Could Underfunded Public Pension Plans Pose A Risk To Real Estate Values?

retirement photo

Photo by Got Credit

Depending on the methodology that’s used to determine the underfunded position of state public pension plans, the number as of 2015 ranged from a staggering $1.7 trillion to an unfathomable $5.2 trillion!

To put that into context, the national debt of the United States is currently about $20 trillion.

But why is there such a great disparity in those two numbers mentioned above with one indicating an underfunded ratio of only about 26% ($1.7 trillion) while the other indicates an underfunded ratio of about 61% ($5.2 trillion).

It’s all about assumptions that are made concerning the returns earned on investments. ‘One accounting trick is the use of high discount rates, the assumed rate of future investment returns on fund assets, when calculating pension liabilities.’ (Source)

The pension funds assume a rate of return on invested assets of more than 7%, while the chart below courtesy of State Budget Solutions calculates underfunding using a more reasonable assumed rate of return equal to the 15-year U.S. treasury bond yield.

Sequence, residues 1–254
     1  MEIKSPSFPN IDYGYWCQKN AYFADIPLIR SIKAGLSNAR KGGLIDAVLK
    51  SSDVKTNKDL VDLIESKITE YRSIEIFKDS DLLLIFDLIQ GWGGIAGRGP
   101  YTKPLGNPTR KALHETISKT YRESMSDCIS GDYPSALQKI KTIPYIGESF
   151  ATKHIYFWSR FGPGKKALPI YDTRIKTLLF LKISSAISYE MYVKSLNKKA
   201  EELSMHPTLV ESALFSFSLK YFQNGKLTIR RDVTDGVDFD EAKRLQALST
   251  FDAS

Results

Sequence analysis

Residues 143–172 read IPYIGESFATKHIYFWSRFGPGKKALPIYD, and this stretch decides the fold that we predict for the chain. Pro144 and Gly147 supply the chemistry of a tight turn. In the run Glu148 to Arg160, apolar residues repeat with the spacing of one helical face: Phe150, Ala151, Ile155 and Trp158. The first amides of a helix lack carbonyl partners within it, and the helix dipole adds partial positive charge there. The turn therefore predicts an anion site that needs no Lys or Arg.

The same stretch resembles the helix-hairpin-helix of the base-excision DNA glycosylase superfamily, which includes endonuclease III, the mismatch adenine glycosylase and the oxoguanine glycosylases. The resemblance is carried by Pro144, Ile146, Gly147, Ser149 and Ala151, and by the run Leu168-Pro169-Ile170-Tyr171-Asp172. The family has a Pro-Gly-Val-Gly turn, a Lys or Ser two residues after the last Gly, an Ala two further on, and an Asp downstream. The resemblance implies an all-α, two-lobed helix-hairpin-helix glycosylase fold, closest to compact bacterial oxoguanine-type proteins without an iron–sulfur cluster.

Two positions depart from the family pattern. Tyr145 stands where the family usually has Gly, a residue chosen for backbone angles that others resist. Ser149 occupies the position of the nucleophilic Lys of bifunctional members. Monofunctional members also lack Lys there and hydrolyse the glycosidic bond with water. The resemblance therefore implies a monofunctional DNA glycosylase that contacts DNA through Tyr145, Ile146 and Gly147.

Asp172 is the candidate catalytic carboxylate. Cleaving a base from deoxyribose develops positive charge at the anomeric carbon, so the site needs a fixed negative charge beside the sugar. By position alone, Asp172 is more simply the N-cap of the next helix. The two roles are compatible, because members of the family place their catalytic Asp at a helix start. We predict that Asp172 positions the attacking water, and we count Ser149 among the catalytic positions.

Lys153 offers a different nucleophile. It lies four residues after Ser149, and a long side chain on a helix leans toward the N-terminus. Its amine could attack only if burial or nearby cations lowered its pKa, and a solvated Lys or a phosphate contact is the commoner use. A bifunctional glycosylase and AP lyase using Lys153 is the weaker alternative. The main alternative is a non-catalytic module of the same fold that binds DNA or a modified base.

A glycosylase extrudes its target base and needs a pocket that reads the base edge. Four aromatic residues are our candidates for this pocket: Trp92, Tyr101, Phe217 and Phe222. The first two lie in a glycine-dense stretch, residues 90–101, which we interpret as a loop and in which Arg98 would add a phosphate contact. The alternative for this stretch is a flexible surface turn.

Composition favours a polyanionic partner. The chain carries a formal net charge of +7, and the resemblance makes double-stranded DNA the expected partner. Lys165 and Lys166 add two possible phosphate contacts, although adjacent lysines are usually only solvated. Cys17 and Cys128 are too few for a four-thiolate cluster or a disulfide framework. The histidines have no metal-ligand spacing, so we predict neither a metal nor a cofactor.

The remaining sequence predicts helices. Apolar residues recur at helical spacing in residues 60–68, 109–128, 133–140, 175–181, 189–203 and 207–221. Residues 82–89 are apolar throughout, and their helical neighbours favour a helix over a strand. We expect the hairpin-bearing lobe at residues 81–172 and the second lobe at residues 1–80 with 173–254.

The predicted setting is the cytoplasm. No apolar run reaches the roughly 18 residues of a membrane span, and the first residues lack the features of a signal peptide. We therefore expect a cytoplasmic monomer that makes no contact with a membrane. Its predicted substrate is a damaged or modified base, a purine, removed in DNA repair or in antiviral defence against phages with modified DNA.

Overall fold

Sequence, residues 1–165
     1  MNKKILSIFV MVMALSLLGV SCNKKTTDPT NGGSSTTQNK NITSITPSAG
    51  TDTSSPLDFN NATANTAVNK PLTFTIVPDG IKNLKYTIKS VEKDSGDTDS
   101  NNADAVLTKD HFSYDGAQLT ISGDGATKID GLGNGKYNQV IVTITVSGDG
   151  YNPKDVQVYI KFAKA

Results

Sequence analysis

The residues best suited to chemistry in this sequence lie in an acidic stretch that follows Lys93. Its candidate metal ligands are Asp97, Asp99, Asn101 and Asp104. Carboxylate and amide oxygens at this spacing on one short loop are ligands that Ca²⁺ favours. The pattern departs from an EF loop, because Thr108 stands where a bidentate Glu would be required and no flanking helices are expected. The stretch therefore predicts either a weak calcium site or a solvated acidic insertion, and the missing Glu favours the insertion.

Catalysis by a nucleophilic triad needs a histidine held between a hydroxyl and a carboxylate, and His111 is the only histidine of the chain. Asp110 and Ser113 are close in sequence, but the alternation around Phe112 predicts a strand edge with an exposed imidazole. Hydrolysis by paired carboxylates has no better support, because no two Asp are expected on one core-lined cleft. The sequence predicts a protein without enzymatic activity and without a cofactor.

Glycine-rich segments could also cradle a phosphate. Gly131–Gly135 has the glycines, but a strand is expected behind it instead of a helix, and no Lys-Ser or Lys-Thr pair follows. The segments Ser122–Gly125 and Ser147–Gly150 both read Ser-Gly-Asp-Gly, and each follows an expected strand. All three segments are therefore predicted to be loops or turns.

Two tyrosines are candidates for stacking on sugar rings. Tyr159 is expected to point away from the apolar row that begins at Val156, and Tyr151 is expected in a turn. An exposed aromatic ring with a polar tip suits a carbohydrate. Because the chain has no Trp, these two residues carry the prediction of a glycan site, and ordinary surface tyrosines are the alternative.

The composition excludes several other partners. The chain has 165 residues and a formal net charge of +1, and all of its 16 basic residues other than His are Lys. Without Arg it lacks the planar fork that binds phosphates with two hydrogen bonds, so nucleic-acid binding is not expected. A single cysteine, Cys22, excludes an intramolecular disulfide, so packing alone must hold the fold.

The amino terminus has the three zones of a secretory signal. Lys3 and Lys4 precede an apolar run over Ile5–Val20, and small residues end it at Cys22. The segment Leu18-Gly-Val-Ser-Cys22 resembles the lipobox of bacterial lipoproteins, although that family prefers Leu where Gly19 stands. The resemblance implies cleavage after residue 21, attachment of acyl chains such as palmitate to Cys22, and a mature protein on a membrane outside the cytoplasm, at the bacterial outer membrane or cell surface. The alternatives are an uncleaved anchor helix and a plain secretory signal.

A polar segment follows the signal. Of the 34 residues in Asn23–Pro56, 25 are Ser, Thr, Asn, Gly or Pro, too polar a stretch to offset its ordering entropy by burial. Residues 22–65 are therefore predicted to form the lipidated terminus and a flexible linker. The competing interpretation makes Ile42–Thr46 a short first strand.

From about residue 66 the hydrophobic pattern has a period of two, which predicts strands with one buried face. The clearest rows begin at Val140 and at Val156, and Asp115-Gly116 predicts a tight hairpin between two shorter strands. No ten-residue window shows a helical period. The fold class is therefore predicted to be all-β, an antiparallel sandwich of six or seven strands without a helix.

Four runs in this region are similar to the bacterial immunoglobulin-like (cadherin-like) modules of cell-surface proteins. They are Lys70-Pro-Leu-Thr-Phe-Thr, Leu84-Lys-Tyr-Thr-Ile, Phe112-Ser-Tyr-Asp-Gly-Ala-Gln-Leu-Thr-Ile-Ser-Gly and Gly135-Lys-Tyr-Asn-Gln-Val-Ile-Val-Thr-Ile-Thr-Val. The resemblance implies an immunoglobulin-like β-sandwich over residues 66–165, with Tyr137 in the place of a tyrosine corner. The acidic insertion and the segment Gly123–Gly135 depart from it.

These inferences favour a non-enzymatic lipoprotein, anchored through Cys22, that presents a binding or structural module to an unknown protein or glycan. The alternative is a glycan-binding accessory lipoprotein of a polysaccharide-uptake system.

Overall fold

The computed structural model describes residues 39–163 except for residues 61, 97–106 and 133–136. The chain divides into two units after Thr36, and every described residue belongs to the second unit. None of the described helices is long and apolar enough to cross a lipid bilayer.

So Do These Underfunded Plans Actually Pose A Risk To Real Estate Values?

Assuming that at some point the proverbial fiscal can will no longer be able to get kicked down the road, the monies due to retirees will have to come from somewhere. In a worst-case scenario, Puerto Rico’s recent default most certainly had a pension component as the island has over $2 billion of Pension-Obligation Bonds outstanding.

So then, assuming that return assumptions are skewed too high, where will the monies owed by states and local governments to pensioners come from? We the taxpayers of course in the form of higher assorted fees, higher property taxes and higher other taxes.

In already high tax states like New York, the taxpayer can only bend so much before breaking, ultimately moving away to find lower state and local tax alternatives. Higher and higher personal tax burdens (and fees designed not to appear as taxes) means becoming a less desirable the location to live and work meaning that real estate prices would theoretically need to be adjusted to account for those facts (Nassau County Real Estate Closing Costs Set to Become New York State’s Highest!).

But, of course, politicians will do whatever possible to avoid this prospect and just keep on kicking!

Map Courtesy of ALEC (American Legislative Exchange Council)(

Chart Courtesy of ALEC (American Legislative Exchange Council)(


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